The most important task of our civilization is to ensure its development so that it is sustainable and to be able to protect the environment and biodiversity at the same time. This task is all the more difficult that its fulfillment requires a change in people’s attitudes. We can achieve this only by explaining in a meaningful way how to live life so that we do not threaten the existence of future generations.
An old wisdom says, "We did not get our planet from our fathers, we borrowed it from our children." Unfortunately, we have to admit that we do not obey this wisdom, and we rob our children inexorably. Our civilization has achieved tremendous technical and informational progress, but behind it is the mental development of people. This is precisely the reason why technical progress has become a weapon that makes natural resources and ecosystems devastated so that they are unable to recover. That is why the United Nations adopted a Declaration on Sustainable Development (DSD) at the conference in Rio de Janeiro twenty-five years ago. United Europe has adopted DSD as its horizontal priority. It was acknowledged that nothing is more important than ensuring "a way of developing a human society that reconciles economic and social progress with full respect for the environment." Despite all the measures we have taken, we can only say that we have been wasted these 25 years. The negative impact of our civilization on natural ecosystems is steadily increasing and our Earth has changed fundamentally for the quarter century since the conference in Rio. The vast numbers of natural ecosystems have disappeared and other animal species have been extinct; in the oceans, new continents of human waste are emerging which concentrate sea currents and are already bigger than Germany, France and Spain together. We continue to waste too much! Only in Slovakia, 178 kilograms of food per inhabitant end up in the rubbish bin every year and we continue to create a huge ecological debt. We justify the plundering and devastation of natural ecosystems by mistaken criteria of quality of life, or we deceive each other and convince ourselves that this is not so bad. But it's much worse! Most of our planet is made up of water, and now the water sets us a mirror.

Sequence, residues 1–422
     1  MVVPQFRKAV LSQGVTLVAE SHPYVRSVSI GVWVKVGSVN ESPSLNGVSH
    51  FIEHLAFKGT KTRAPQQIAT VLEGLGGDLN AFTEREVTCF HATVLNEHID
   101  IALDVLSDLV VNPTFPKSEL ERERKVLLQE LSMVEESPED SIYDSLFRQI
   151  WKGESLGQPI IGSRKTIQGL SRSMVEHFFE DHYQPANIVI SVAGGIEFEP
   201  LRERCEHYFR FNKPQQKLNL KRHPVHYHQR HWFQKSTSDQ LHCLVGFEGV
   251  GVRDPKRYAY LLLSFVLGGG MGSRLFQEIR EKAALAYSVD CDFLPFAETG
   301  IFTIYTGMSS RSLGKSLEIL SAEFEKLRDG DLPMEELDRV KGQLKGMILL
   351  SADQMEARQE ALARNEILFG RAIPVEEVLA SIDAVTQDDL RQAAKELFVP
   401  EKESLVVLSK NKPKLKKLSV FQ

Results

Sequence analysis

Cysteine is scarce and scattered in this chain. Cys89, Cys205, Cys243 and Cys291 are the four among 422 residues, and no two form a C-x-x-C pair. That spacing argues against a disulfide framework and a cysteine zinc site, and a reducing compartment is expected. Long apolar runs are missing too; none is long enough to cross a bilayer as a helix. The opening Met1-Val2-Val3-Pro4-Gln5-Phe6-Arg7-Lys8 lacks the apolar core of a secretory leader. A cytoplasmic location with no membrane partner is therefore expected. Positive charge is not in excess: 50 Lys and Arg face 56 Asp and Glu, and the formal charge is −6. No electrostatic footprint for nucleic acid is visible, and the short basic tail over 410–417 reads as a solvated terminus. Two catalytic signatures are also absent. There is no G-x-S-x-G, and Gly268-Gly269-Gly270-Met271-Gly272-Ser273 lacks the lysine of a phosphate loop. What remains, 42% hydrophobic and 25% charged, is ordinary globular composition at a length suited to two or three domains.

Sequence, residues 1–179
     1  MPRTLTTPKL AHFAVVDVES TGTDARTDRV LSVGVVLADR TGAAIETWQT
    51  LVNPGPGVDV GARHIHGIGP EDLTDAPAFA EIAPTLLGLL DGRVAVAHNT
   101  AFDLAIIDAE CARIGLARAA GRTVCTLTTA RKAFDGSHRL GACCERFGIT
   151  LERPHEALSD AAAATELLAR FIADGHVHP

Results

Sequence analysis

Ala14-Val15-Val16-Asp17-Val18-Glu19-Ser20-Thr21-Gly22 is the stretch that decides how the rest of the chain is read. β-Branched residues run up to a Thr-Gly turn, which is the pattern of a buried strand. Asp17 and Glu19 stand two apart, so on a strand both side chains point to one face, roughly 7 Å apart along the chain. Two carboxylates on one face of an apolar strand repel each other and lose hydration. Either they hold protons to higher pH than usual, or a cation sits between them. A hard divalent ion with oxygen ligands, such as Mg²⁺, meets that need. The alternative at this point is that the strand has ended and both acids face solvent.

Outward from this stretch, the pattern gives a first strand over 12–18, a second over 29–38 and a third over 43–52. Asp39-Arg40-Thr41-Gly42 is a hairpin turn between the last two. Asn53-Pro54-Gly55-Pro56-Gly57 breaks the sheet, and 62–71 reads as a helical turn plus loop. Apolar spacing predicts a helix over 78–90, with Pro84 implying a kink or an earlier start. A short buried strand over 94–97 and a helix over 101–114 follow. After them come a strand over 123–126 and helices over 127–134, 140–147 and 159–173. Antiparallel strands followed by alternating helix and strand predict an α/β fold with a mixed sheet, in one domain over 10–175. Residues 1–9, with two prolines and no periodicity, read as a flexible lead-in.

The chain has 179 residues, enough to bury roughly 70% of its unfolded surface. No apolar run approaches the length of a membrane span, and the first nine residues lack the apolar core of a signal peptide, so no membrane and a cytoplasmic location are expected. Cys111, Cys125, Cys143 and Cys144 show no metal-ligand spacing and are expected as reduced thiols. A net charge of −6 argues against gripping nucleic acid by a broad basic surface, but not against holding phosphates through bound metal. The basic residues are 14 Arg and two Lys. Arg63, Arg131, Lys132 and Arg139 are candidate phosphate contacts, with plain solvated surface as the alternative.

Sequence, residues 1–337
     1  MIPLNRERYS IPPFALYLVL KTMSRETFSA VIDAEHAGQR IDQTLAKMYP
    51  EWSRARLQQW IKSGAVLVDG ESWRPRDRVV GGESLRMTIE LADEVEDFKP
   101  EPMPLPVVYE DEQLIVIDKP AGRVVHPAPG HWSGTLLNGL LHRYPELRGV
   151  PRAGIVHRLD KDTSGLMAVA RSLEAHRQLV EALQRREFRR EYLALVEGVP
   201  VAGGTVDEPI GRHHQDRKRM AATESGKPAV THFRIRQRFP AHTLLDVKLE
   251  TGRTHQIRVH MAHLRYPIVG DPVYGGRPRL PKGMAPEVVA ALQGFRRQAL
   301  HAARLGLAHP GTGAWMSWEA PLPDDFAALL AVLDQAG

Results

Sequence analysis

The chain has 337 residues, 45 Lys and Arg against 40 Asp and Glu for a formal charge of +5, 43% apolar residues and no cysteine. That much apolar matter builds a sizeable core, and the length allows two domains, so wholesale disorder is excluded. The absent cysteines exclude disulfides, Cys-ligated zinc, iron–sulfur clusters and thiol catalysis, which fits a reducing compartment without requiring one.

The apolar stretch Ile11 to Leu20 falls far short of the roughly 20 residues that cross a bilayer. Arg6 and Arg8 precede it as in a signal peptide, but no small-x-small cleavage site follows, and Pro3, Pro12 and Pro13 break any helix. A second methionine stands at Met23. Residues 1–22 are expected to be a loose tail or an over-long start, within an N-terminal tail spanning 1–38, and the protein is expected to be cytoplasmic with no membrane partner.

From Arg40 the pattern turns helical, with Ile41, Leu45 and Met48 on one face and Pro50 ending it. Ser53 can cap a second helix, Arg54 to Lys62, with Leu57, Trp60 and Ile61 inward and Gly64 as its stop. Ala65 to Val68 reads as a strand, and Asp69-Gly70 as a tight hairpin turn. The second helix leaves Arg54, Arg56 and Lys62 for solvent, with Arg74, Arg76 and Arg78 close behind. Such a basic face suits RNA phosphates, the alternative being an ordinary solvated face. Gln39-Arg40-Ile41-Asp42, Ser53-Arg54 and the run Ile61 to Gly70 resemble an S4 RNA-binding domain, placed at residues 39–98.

These photos show us the same place. It is a coral reef at Ras Mohammed cliff in the Red Sea. The difference is fifteen years. Such a short period was sufficient to destroy the cliffs that needed fifteen thousand for their development. These images are a typical example of how aquatic ecosystems are currently changing. The same picture of the disaster can be seen by visitors from other parts of the world. Australia, Maldives, Thailand ... we can name dozens of countries and we can write about many animal species or animal populations that are on the verge of extinction or have already extinct.
Unfortunately, the “World of Silence” has not yet been fully controlled, but the water ecosystems show us that we have made enormous mistakes when implementing the DSD policy. The biggest thing was that we did not start up with education and enlightenment. Fortunately, people who are aware of this and the UN adopted in September 2015 the document "Agenda 2030 for Sustainable Development", which focuses mainly on education and education for DSD. It is not possible to implement a DSD policy without general support from the population without education and enlightenment, especially with the young generation.